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Why is my Mac not accepting my password when I try and change system settings?

Photo by Mia Baker on Unsplash

If you’ve found yourself fully signed into your Mac (or MacBook) but it just won’t accept your password when you try and change any of your system settings, then this may be due to a fault with your devices security chip.

What security chip?

Modern Macs contain a security chip, named T2. This is used for storage of security information as well as on-the-fly encryption and decryption. If you have a fingerprint reader on your device for example, it’s this chip that stores and processes your fingerprints.

Does my computer have one?

There are 2 ways to find out.

  1. Most Mac devices since around 2018 have had one, but Apple has a full list.
  2. Alternative, you can look it up…
    1. Press and hold the Option key while clicking the Apple logo in the menu bar. Then select About This Mac.
    2. On the screen that appears, which gives an overview of the hardware components, click the button named “System Report…”
    3. In the sidebar, select Controller.
    4. If you see “Apple T2 chip” on the right then, yes, your Mac has the Apple T2 Security Chip.

What’s happened with the chip?

Probably nothing fatal. Like most things these days, it can malfunction – when that occurs, you may find that perfectly acceptable passwords are no longer allowed (you can tell if this is the case as you may find that it works fine elsewhere – for example, when logging into the Mac in the first place).

If you have a fingerprint reader then you may find that this no longer seems to work anymore too (in that it will no longer prompt you to use it, but ask for passwords instead).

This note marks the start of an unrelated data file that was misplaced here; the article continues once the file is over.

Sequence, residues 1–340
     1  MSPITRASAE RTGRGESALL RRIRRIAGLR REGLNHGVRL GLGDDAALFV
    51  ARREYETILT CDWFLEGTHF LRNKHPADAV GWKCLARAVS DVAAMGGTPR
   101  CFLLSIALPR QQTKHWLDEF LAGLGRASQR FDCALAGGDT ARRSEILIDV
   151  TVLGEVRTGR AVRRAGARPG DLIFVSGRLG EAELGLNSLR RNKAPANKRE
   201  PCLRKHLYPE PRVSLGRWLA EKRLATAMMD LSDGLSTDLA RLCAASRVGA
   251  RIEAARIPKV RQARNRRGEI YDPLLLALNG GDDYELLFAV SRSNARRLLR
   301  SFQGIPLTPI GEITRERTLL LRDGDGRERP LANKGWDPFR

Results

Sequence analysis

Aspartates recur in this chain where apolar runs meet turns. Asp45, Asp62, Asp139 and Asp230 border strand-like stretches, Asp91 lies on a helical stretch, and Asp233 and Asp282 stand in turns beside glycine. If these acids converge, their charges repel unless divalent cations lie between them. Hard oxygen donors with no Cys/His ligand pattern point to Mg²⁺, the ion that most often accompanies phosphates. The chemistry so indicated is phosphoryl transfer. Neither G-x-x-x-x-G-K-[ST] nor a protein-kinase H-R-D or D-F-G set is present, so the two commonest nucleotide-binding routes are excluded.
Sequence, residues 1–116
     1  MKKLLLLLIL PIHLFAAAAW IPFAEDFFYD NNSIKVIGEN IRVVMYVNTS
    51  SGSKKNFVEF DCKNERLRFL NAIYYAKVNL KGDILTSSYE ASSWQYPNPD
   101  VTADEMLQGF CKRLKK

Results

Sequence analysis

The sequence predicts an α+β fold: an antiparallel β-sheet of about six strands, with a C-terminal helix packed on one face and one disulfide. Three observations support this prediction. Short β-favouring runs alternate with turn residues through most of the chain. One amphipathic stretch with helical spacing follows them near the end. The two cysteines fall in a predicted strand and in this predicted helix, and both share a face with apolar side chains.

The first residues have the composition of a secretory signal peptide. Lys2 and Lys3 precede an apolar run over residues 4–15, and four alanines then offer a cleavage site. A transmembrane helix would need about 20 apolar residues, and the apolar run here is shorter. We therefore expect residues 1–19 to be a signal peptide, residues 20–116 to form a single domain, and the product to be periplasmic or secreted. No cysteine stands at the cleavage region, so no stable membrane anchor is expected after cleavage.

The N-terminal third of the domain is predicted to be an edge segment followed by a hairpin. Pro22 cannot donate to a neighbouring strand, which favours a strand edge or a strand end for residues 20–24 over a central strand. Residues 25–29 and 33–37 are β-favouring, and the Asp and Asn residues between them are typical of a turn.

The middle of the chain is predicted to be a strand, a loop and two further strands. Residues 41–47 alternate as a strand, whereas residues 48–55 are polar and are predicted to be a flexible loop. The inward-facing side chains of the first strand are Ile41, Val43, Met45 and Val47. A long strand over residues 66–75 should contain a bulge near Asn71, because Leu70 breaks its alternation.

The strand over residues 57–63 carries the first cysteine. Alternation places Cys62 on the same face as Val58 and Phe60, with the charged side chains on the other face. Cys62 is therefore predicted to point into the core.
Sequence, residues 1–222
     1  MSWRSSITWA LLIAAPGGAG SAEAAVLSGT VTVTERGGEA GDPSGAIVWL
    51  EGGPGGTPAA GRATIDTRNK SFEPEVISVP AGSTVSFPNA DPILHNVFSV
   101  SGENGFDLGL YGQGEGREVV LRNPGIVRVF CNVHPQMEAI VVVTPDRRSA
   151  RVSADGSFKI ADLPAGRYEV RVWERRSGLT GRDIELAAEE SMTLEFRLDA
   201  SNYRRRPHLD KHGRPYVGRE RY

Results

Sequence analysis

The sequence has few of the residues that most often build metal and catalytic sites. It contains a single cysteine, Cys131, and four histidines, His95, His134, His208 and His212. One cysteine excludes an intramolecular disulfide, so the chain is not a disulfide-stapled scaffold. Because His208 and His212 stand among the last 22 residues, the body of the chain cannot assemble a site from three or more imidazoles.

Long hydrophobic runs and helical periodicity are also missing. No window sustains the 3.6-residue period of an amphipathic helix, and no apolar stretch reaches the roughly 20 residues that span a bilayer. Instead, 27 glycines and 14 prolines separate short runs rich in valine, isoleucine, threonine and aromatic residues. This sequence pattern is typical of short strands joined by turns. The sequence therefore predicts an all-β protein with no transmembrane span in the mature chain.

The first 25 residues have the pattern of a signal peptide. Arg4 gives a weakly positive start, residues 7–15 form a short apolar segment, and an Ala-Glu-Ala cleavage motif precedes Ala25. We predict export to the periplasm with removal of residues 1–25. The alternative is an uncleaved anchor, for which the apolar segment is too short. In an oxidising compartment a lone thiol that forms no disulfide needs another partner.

I experienced this recently with a MacBook Air after the Big Sur upgrade – the same login could be used to sign into the computer but wouldn’t be accepted when challenged later. Changing the password was allowed but it didn’t accept the new password either. During this time, there was never a prompt for the fingerprint reader, where there normally would be.

How to fix it

Resetting the SMC (System Management Controller) of the Mac should rectify it and it’s pretty painless to do. However, there are different instructions depending on what it’s a mobile (MacBook/MacBook Pro/MacBook Air) or desktop device (Mac/Mac Pro/Mac Mini).

Mobile

  1. Shut down your Mac.
  2. Press and hold the power button for 10 seconds, then release the button.
  3. Wait a few seconds, then turn your Mac back on.

If that doesn’t work, then you should try this…

  1. Shut down your Mac.
  2. On your laptop’s keyboard (i.e. not an external one), press and hold all of the following keys…
    • Control – on the left side of your keyboard
    • Option (Alt) – on the left side of your keyboard
    • Shift – on the right side of your keyboard
  3. Your Mac might turn on during this.
  4. Keep holding all three keys down for 7 seconds, then press and hold the power button as well.
  5. If your Mac is on, it will turn off as you hold the keys down.
  6. Keep holding all four keys for another 7 seconds, then release them.
  7. Wait a few seconds, then turn your Mac back on as usual.

Desktop

  1. Shut down your Mac and then unplug the power cable.
  2. Wait 15 seconds, then plug the power cable back in.
  3. Wait 5 seconds, then switch your Mac back on using the power button.

READ NEXT: How do I turn my MacBook into a Wi-Fi hotspot?

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About the author

David Artiss

Currently working for a technology company based in San Francisco, David has worked in IT for nearly 30 years. He is a keen gamer and happily admits to being a gadget nerd too.

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